For nearly two decades, Bob Herbert was a columnist for The New York Times, following a notable newspaper reporting career. He is now a Senior Distinguished Fellow at the public policy and analysis think tank, Demos, and a board member of the Schumann Media Center, from which he is presently on leave working on a major documentary.

Repeat Broadcasts:

  • KQED World: Sun, Oct 12, 2014 -- 5:30 PM
  • KQED 9: Sun, Oct 12, 2014 -- 4:30 PM
  • KQED World: Sun, Oct 12, 2014 -- 11:30 AM
  • KQED World: Sun, Oct 12, 2014 -- 3:00 AM
  • KQED World: Sat, Oct 11, 2014 -- 12:00 PM

Too Big to Jail? (Episode #339H)

KQED World: Sat, Oct 4, 2014 -- 7:30 AM

As President Obama contemplates who will replace Eric Holder, who announced his resignation last week, some lawmakers and outside groups are urging the president to take a tougher position against the financial sector when selecting the next Attorney General. And for good reason. While large banks have been penalized for their role in the housing meltdown, which led to the Great Recession, not a single senior executive has been criminally prosecuted.
This week, veteran bank regulator William K. Black speaks to Moyers about the fraudulent behavior by senior executives that led to the financial crisis, the lack of government oversight that contributed to the meltdown and the deeply-entrenched culture of corruption that's existed for decades. "I blame Holder. I blame Timothy Geithner," Black tells Moyers. "But they are fulfilling administration policies. The problem definitely comes from the top. And remember - Obama wouldn't have been president but for the financial contribution of bankers."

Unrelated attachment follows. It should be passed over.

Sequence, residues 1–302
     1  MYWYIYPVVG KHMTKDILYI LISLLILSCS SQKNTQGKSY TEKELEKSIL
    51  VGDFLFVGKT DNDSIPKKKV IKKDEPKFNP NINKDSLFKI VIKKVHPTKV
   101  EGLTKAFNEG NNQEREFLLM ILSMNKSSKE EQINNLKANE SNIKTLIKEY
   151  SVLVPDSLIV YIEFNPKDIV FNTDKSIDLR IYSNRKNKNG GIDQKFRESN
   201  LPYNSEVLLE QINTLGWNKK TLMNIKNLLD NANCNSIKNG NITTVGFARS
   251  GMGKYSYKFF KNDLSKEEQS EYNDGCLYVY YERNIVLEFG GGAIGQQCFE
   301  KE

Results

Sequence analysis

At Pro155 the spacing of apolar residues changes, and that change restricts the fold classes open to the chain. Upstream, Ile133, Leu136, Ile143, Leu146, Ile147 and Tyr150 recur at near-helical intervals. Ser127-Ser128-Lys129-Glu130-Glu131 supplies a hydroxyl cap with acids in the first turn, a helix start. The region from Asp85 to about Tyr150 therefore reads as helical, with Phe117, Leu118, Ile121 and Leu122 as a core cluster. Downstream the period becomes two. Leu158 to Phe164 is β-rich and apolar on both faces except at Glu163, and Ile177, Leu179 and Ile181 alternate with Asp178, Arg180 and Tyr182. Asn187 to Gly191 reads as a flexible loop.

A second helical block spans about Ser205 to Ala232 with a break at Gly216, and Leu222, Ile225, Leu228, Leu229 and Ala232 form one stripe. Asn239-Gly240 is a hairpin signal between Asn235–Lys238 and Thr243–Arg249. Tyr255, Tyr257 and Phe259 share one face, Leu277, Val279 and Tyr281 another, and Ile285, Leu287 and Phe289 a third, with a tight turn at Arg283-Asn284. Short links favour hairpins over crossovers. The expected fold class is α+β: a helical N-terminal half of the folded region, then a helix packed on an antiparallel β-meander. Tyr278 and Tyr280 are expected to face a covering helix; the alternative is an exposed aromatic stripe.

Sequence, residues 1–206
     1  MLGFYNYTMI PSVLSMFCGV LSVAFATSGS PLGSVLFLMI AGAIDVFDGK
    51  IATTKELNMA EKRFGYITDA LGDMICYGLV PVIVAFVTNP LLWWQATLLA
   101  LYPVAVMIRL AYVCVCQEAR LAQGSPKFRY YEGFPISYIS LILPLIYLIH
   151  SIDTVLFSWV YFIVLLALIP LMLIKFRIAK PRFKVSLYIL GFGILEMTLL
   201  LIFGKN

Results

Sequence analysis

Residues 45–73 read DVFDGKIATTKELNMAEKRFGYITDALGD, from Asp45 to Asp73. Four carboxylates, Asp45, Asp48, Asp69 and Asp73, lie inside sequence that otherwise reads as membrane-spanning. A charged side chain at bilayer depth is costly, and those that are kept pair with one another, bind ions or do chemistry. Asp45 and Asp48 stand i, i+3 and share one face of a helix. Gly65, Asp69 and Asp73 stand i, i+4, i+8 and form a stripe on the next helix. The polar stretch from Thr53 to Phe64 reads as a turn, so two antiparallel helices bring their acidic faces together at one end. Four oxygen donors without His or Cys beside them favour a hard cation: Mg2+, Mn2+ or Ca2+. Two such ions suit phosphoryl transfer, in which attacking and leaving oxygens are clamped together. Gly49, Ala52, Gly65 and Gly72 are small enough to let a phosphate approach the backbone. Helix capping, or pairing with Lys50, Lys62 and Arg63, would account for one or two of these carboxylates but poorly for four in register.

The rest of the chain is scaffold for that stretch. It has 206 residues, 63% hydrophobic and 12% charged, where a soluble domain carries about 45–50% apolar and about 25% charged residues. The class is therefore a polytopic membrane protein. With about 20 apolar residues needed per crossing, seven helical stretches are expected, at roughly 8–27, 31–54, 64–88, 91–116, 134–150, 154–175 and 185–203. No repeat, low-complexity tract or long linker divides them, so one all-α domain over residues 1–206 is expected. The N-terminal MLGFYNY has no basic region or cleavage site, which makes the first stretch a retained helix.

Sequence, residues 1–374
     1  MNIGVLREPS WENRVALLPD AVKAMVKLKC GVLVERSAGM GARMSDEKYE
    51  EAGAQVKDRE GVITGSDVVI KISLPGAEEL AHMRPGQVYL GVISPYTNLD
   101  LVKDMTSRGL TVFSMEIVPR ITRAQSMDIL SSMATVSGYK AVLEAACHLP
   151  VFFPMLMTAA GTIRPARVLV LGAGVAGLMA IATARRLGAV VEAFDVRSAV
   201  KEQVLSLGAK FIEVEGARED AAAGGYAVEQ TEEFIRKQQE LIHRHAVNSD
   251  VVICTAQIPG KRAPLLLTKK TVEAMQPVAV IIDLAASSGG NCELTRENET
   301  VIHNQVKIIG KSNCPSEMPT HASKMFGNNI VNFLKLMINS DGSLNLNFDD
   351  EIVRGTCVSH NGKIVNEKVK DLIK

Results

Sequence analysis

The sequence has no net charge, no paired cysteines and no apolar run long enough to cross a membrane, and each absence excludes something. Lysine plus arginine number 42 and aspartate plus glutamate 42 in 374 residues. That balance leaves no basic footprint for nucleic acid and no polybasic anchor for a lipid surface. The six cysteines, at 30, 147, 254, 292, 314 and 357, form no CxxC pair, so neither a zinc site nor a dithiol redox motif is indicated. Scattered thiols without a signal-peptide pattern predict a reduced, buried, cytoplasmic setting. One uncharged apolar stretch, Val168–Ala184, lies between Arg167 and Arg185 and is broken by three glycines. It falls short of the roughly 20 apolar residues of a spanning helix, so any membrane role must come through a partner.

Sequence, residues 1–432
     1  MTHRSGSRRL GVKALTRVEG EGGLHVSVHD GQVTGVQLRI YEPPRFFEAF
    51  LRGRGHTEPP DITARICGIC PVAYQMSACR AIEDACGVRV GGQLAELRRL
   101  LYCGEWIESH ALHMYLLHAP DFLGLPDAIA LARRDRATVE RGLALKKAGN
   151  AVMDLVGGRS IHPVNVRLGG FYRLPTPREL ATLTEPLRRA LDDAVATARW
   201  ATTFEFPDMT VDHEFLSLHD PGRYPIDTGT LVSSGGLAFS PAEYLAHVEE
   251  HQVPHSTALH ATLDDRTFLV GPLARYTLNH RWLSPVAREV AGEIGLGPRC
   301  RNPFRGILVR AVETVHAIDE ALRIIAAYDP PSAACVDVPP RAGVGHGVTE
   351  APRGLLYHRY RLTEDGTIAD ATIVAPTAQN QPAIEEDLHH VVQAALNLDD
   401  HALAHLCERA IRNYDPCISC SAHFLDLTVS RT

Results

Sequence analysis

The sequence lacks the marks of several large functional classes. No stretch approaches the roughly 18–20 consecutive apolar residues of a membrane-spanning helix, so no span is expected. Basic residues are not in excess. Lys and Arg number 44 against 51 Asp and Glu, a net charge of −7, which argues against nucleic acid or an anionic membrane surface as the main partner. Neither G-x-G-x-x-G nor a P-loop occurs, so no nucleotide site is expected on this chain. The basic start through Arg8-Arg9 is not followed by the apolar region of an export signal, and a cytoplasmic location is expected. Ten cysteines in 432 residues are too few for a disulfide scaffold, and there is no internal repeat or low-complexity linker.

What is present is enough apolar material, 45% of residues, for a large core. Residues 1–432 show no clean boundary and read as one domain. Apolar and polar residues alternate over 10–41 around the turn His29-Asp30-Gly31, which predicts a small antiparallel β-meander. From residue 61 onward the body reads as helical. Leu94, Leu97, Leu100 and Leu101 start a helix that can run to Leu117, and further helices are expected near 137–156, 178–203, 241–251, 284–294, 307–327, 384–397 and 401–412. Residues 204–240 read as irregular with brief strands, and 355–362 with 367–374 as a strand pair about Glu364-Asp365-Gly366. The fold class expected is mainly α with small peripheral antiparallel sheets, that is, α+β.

William K. Black is associate professor of economics and law at the University of Missouri, Kansas City. He is a white-collar criminologist and a veteran financial regulator and author of The Best Way to Rob a Bank Is to Own One. During the savings and loan scandals of the 1980s Black helped prosecutors convict more than 1000 bankers. Acclaimed as a litigator himself, he exposed 5 United States Senators - the Keating Five - who helped Keating cover up his crimes after collecting big campaign contributions.

Repeat Broadcasts:

  • KQED World: Sun, Oct 5, 2014 -- 5:30 PM
  • KQED 9: Sun, Oct 5, 2014 -- 4:30 PM
  • KQED World: Sun, Oct 5, 2014 -- 11:30 AM
  • KQED World: Sun, Oct 5, 2014 -- 3:00 AM
  • KQED Plus: Sat, Oct 4, 2014 -- 4:00 PM
  • KQED World: Sat, Oct 4, 2014 -- 12:00 PM